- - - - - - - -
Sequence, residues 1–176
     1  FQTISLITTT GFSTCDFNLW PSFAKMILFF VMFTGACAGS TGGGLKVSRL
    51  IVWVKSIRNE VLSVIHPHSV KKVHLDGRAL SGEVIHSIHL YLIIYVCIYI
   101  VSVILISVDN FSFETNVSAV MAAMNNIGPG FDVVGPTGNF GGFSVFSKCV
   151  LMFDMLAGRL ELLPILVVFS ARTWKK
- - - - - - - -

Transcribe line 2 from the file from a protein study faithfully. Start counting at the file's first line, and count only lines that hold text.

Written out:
     1  FQTISLITTT GFSTCDFNLW PSFAKMILFF VMFTGACAGS TGGGLKVSRL